February 01, 2023

The Basics of Thyroid Disease

The thyroid is a butterfly-shaped gland at the base of the neck. This small gland produces very important hormones (T4, T3, and calcitonin) that are responsible for regulating many important processes in the body including, but not limited to:

  • Heart rate
  • Blood pressure
  • Body temperature
  • Mood
  • Menstrual cycles
  • Weight

Around 20 million Americans are living with a thyroid disease and up to 60% of them are unaware of their condition¹, putting them at risk for serious complications like cardiovascular disease, osteoporosis, and infertility.

Talking about thyroid conditions with your friends and loved ones could help someone identify their condition and pursue the medical treatment they need.

The Different Types of Thyroid Diseases

Because the thyroid is a vital organ, it is important to understand the many different conditions that affect it. These are usually broken into two categories (primary or secondary) based on what is causing the disease.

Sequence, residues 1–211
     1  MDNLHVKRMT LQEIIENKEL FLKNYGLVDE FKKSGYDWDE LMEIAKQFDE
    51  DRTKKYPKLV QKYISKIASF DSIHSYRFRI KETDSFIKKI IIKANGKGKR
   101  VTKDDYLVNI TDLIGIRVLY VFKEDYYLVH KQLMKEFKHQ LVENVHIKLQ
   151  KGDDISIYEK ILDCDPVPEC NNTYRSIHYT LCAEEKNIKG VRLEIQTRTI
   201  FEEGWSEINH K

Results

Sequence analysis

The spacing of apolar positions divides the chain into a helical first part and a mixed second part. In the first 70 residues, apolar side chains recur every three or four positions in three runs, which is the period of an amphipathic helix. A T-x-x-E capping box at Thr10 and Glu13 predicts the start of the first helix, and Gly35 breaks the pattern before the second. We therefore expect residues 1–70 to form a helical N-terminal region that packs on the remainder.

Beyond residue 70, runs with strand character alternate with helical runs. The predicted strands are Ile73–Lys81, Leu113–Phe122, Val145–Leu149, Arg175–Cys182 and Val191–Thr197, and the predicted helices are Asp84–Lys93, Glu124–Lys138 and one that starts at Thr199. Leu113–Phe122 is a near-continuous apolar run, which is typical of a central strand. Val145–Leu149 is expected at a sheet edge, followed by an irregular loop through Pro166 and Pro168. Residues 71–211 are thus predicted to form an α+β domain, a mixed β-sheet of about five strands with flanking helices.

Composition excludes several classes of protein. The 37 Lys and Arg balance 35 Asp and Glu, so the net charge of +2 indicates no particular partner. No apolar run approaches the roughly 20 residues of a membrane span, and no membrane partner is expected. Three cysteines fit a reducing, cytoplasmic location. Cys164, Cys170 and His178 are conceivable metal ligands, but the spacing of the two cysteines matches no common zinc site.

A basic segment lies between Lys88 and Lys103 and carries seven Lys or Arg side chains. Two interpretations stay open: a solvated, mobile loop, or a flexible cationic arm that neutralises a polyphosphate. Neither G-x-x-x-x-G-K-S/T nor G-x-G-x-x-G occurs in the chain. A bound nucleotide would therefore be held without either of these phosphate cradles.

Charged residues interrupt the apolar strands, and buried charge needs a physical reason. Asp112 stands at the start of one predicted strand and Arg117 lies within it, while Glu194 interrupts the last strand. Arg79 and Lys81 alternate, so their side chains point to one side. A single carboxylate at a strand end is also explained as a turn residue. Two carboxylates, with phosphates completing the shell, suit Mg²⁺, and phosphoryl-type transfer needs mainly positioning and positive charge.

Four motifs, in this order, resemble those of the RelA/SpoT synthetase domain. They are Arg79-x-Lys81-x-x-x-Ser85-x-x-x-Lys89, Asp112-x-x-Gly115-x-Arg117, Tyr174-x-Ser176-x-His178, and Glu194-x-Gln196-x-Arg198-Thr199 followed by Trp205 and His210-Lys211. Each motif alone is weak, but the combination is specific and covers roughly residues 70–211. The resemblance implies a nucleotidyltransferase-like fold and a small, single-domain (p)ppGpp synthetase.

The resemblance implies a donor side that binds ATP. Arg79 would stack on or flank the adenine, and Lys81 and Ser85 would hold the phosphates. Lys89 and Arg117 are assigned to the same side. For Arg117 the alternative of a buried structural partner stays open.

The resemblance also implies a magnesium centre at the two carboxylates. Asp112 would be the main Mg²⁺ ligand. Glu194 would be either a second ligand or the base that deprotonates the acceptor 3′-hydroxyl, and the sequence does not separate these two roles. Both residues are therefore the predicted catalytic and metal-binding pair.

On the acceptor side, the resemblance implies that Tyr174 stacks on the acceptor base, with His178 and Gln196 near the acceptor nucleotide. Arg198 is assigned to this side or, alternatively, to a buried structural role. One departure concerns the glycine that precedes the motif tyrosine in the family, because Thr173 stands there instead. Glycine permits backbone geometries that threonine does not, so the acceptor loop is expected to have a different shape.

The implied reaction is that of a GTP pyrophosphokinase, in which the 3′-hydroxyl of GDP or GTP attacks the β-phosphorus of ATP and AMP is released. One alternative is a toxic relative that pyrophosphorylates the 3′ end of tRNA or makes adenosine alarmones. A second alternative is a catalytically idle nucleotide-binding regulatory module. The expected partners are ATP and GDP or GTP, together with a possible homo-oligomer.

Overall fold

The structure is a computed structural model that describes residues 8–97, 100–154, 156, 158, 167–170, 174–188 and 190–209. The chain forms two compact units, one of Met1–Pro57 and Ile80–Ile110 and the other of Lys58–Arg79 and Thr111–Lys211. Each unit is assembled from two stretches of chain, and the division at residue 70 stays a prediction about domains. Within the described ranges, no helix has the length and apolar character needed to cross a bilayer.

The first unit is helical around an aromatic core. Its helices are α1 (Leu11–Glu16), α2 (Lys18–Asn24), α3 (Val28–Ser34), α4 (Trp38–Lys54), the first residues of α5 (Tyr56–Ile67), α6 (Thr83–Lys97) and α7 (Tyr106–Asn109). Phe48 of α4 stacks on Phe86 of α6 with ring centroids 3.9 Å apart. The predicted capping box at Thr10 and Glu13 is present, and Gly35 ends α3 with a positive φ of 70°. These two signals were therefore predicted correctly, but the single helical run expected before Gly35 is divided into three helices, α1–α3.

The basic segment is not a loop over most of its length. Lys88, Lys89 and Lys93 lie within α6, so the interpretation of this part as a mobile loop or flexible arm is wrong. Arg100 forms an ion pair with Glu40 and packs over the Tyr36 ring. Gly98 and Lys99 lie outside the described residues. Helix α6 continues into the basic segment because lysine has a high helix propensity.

Primary Thyroid Disease

A primary thyroid condition is when the thyroid itself is the cause of illness. Primary thyroid disorders can be caused by:

Autoimmune/inflammatory conditions
Autoimmune diseases are caused by the immune system attacking the body instead of protecting it. When the immune system targets the thyroid, this can lead to a primary thyroid disease. The most common autoimmune thyroid diseases are Hashimoto’s thyroiditis, Graves’ disease and IgG4 related thyroiditis.

Reactive conditions
Abnormal growth and inflammation can cause the thyroid gland to become enlarged. The most common reactive conditions are thyroid nodules, C-cell hyperplasia, and multinodular hyperplasia (goiter).

Thyroid neoplasms can be benign such as thyroid adenoma, or they can be malignant (thyroid cancer), such as papillary, follicular, medullary or anaplastic thyroid cancers.

Infections can sometimes lead to inflammation of the thyroid. Rubella, herpes simplex virus, Epstein-Barr virus, HIV, parvovirus, and mumps² have been implicated in the development of infectious thyroid diseases.